China Just Reportedly Dumped Human Feces in the West Philippine Sea


Fish in the reefs in the West Philippine Sea are drowning in human excrement allegedly dumped by Chinese ships. The amount of shit unloaded by the vessels was so massive, it was visible from space. 

U.S. think tank Simularity has brought the world’s attention to the matter. The company specializes in analyzing satellite imagery. It is the same company that raised the alarm on over 200 Chinese vessels loitering around the West Philippine Sea in late June.

“When the ships don’t move, the poop piles up,” said Liz Derr, the CEO of Simularity, in an online forum hosted by Stratbase ADR Institute on July 11. 

“The sewage from the anchored ships in the Spratlys is damaging the reefs and we can see this from space,” said Derr. 

In the following handout photos, Simularity compares images of the reefs and the drastic algal growth in the reefs after the Chinese ships dumped sewage into them. 

Ships (Left) and Shits

Photo by Simularity.

Delifin Lorenzana, defense secretary of the Philippines, issued a statement on July 13 regarding the allegations against Chinese ships. “While we have yet to confirm this waste has reached our waters, such irresponsible acts, if true, would undoubtedly cause grave damage to the marine ecology in the region.”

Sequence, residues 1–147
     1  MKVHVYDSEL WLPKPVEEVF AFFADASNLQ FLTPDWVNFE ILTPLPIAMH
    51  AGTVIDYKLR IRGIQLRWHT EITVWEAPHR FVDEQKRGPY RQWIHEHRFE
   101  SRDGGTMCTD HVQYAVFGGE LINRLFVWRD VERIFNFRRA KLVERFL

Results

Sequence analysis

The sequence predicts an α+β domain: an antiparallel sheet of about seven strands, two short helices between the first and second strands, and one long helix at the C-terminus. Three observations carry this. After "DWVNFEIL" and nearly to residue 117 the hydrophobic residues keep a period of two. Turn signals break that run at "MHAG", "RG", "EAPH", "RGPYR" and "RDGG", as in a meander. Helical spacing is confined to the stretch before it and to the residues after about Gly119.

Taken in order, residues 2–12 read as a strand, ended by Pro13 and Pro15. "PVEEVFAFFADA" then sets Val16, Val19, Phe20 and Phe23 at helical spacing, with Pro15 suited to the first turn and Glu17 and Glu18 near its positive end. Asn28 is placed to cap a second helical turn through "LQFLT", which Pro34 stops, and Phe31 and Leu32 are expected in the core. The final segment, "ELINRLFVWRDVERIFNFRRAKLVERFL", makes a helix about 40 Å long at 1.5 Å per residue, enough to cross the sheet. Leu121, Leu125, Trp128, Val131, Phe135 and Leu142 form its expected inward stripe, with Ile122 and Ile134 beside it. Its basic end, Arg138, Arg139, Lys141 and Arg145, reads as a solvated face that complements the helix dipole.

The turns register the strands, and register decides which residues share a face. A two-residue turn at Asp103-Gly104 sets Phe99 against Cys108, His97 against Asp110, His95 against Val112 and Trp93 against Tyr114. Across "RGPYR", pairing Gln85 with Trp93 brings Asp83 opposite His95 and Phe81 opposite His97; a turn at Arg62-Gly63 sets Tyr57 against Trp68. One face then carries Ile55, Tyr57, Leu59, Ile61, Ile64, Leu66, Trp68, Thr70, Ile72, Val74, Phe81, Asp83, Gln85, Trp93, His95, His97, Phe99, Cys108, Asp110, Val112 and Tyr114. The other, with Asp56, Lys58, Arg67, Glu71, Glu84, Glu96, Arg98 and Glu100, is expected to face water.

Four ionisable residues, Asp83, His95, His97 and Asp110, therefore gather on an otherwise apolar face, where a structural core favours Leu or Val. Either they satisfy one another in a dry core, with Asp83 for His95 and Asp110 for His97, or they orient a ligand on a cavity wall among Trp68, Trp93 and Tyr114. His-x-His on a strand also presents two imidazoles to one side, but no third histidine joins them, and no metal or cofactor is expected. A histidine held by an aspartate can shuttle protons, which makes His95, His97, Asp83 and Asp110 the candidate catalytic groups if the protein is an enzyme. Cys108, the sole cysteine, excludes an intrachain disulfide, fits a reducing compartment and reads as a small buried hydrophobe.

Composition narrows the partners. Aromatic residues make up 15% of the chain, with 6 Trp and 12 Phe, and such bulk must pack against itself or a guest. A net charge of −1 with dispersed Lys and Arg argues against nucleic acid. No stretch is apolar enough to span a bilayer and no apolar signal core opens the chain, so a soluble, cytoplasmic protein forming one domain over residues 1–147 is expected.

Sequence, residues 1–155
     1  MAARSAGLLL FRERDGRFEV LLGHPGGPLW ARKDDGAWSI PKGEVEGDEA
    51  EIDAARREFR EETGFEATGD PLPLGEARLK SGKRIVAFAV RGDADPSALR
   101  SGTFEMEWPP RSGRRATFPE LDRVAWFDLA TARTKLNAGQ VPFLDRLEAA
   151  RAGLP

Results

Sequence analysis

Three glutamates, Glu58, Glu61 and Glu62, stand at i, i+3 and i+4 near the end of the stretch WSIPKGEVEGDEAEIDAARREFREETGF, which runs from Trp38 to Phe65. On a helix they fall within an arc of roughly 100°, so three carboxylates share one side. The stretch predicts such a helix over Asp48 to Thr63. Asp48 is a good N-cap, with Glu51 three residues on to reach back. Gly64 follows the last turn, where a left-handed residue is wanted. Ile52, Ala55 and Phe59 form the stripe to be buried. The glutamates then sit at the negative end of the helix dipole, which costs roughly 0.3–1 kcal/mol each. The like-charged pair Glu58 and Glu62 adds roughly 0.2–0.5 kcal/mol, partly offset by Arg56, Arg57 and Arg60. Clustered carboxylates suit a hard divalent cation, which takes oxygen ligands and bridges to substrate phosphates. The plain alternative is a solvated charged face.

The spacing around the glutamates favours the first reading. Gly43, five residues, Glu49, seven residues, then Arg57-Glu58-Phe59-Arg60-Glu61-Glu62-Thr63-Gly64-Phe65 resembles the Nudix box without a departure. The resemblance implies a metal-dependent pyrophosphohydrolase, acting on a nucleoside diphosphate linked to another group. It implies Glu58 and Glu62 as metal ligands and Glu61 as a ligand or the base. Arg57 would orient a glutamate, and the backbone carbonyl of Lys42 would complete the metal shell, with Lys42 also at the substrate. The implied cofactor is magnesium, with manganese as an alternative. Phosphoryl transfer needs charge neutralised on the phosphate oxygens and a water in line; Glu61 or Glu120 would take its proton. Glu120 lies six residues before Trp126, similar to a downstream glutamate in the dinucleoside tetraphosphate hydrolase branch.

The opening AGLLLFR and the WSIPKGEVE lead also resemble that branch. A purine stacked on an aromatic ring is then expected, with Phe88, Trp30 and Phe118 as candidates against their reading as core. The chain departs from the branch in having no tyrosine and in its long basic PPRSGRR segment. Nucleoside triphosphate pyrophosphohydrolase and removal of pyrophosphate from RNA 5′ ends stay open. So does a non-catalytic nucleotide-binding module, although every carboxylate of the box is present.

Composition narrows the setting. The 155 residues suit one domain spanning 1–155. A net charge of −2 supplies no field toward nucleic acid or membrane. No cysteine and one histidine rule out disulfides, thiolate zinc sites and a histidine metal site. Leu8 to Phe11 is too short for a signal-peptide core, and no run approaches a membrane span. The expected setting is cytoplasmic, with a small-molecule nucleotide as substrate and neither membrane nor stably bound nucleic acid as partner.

According to Derr, there could be immeasurable damage to wildlife because of the dump. 

Coral reef fishes supply a major source of protein for about 85 percent of coastal inhabitants,” she said. “The larvae for the fish that inhabit the South China Sea come largely from its coral reefs. The larvae from the Spratly reefs get distributed around the South China Sea by the winter and summer monsoons.”

But according to a SCMP report by Raissa Robles, the Department of Defense is still verifying criticisms that Derr allegedly used a 2014 photo of ships in the Great Barrier Reef during her presentation.

“The photo had appeared in Derr’s presentation as an illustration of a ship disgorging bilge water above a disclaimer that it was an unknown ship,” wrote Robles.

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Mario Alvaro Limos
Features Editor-at-Large
Mario Alvaro Limos is features editor-at-large at Esquire Philippines, and heads the Lifestyle and Esports content of as its section editor. Email him at [email protected] and [email protected]
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